About Hugh Jeffreys

DrHughHugh Jeffreys is an award-winning steel guitarist whose acquaintance with the instrument began at age 6.  His older brother had a steel guitar and had been receiving lessons from the Oahu Publishing Company in Honolulu, Hawaii.  Hugh watched his brother read and play the tablature music and apparently liked the Hawaiian music of the day.  When his brother was away, a family member would place the guitar on the couch (Hugh being too small to lift the guitar), and Hugh would attempt to imitate what he had seen his brother do with the guitar.

As time passed, he learned to read the tablature music and built a sizable repertory of Hawaiian songs.  On Saturday afternoons, he listened to the international radio broadcast, “Hawaii Calls”, which came live from Honolulu.  From that experience, he gained familiarity with the styles of steel guitarists.  At age 11, Hugh was asked to play on the local radio station – WELO, in Tupelo, Mississippi, on the Saturday Jamboree show.  He played several of the Hawaiian songs that he had memorized.  The station manager was impressed, and asked that Hugh and his brother, Jeff (who played rhythm guitar), perform weekly on the station.  They played a 30-minute program each week and became known as “The Hawaiian Melody Boys.”

At age 12, Hugh participated in an amateur contest at the local Mississippi Fair and Dairy Show.  It was on that occasion that he won his first trophy for performance on the steel guitar.  At this point in time – 1945, the Jeffreys family moved to Vallejo, California.  After getting settled, Hugh was enrolled at the Marsden Conservatory of Music in Vallejo, where he went for lessons each Saturday.  It was then that reading tablature music was put on the back burner, and John Marsden taught him to read actual notation.

Hugh began arranging small band music at age 16, and wrote his first big band chart at age 17 for the Bob Morris Orchestra in Memphis, Tennessee with which he performed.  He has written for and performed with groups of up to 50 pieces, and led his own 4-piece combo – The Atomics, in Memphis for some time.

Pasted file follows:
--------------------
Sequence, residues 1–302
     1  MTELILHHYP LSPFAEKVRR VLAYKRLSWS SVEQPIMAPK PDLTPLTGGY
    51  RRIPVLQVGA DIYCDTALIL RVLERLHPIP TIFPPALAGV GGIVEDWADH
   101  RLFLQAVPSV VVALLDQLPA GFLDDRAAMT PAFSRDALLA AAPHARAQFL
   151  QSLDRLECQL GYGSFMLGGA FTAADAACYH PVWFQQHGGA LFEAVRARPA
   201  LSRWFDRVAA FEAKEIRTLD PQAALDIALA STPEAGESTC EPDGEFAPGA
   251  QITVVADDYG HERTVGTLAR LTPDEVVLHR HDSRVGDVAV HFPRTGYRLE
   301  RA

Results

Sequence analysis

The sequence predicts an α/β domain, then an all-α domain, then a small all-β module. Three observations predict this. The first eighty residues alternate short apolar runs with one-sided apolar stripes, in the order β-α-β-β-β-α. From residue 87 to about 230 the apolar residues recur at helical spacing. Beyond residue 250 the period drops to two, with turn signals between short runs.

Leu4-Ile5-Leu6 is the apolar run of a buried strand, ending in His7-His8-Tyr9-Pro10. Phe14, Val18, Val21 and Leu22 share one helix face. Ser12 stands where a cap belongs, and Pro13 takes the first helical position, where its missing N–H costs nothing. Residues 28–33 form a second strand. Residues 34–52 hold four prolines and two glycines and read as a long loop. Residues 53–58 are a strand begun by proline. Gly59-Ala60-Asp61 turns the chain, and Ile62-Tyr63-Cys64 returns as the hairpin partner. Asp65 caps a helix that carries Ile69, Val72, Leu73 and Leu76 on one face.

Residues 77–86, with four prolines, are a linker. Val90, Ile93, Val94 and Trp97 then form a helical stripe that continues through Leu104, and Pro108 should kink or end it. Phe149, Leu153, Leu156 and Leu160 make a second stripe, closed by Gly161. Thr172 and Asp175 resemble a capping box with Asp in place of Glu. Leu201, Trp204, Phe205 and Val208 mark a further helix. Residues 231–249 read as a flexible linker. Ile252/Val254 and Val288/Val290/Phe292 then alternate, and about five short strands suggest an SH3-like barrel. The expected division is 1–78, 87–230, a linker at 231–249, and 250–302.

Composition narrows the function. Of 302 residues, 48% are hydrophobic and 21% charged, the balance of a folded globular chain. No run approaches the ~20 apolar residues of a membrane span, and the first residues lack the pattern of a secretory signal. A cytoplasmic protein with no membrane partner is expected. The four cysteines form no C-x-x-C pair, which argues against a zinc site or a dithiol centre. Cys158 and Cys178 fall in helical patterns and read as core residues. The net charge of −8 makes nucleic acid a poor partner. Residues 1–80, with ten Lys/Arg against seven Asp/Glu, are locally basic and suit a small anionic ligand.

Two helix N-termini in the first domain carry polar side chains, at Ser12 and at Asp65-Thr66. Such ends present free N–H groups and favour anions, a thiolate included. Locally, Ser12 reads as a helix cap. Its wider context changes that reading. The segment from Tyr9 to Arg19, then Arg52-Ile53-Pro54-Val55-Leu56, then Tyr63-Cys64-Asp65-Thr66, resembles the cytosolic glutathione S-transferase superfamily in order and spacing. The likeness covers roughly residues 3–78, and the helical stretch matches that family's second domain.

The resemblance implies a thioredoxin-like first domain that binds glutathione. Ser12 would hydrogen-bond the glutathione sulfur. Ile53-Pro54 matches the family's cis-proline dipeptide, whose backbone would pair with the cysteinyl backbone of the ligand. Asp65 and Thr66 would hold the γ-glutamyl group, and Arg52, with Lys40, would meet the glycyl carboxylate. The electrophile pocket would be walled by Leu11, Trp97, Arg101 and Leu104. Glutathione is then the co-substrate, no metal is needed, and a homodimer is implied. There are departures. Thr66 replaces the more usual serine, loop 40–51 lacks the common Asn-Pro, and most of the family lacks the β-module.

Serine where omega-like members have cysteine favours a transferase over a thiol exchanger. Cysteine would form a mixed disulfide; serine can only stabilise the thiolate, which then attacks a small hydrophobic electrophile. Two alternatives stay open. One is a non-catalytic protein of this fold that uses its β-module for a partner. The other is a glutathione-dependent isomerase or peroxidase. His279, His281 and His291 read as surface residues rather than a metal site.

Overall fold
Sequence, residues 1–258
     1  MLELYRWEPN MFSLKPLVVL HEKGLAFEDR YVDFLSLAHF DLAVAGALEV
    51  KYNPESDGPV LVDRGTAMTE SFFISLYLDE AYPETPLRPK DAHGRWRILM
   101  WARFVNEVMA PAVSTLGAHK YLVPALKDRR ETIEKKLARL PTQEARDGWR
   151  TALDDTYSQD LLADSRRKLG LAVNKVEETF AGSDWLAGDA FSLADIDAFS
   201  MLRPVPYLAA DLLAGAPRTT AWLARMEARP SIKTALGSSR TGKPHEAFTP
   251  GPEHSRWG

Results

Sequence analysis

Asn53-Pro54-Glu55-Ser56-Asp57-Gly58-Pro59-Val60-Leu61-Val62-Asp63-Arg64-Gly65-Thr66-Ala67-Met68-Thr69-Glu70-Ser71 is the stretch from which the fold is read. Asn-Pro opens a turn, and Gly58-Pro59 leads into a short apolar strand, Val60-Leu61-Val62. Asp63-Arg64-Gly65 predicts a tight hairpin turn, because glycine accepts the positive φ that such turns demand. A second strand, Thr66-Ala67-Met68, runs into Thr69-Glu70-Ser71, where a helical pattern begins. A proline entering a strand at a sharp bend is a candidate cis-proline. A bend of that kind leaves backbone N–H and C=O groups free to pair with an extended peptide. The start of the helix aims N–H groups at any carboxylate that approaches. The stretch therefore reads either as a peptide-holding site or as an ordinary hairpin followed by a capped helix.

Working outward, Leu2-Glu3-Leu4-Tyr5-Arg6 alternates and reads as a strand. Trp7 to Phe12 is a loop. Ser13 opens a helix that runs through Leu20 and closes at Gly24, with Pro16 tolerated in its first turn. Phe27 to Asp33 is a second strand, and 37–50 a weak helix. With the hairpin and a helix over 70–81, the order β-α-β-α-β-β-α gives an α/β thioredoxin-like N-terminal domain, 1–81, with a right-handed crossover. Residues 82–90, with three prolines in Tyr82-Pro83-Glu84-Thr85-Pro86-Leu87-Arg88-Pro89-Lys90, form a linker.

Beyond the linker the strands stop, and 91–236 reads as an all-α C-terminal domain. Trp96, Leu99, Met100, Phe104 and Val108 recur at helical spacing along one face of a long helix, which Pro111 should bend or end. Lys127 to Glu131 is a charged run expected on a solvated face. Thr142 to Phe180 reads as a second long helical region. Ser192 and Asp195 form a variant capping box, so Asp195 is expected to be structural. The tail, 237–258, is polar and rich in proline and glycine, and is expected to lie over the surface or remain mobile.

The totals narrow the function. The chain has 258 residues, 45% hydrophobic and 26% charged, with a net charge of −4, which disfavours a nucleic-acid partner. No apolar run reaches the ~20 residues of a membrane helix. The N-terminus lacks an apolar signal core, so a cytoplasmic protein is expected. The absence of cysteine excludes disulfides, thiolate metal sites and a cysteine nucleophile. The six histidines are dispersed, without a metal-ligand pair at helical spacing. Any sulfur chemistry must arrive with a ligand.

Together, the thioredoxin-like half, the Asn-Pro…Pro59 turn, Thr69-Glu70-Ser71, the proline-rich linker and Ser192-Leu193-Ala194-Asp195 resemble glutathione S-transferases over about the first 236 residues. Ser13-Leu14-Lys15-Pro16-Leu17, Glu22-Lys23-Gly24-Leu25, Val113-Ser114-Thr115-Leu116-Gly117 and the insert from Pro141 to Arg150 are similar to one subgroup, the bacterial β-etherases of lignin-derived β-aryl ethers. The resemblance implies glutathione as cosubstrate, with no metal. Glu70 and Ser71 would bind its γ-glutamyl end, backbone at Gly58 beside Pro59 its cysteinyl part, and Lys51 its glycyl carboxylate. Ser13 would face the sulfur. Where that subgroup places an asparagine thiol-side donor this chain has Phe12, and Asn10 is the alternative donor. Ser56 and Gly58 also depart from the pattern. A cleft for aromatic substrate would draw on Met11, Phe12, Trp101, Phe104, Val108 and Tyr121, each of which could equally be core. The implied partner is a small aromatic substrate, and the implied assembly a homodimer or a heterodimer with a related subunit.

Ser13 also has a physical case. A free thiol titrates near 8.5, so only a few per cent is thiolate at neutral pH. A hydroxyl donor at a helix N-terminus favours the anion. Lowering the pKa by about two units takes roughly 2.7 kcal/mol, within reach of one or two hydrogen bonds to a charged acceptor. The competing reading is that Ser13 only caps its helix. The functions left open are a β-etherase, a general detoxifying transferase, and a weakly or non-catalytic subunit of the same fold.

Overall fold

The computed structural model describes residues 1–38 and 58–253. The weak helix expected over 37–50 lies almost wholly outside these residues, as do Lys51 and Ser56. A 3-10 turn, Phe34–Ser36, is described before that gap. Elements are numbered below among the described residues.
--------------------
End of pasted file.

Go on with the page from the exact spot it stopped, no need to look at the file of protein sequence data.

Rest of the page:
In his later adult life, Hugh earned a university degree in music: a Master of Science in Jazz and Commercial Composition and Arranging.  As time progressed, he became concerned with the static nature of steel guitar music and the method of playing it.  He wondered if the playing technique could be further advanced and exploited.  After much pondering, he decided that he should either give up playing or do something better with the steel guitar.  Further thoughts led him to improving technique: the usual way of playing has been with the thumb and first two fingers, wearing picks on each.  This method he thought to be inefficient since the other two fingers were not used at all.  To make the ring and small fingers available, he devised special exercises, learning to coordinate all five.  He later stopped using fingerpicks, finding that plucking the strings with the soft pad of the bare fingertips would produce a more soft and mellow tone.

As his method of playing matured, Hugh came to realize that 5-note chords could be executed with facility, and that speed was considerably increased so that 100 percent efficiency could be attained as opposed to the 3-finger style which was notably 60 percent efficient.

Hugh has composed music for radio and television, and has written music for complete floor shows.  It goes without saying that all performers are influenced by those who have gone before them.  Hugh is no different.  His inspirations are twofold: as a soloist, he has been influenced by the stylings of Charlie Parker, George Shearing, Django Reinhardt, Linnie Tristano, and Stan Getz, among others.

As an arranger-composer, he has been inspired by the big bands of Boyd Rayburn, the Thad Jones-Mel Lewis band, Stan Kenton, Woody Herman, and of course, Alvino Rey, only to mention a few.

Hugh plays a doubleneck steel guitar which has 14 pedals and knee levers, each neck having 10 strings.  He has customized it extensively.

In recent years, osteoarthritis has resulted in limited use of his right index finger.  He continues, however, to play and record at his studio in Southaven, Mississippi.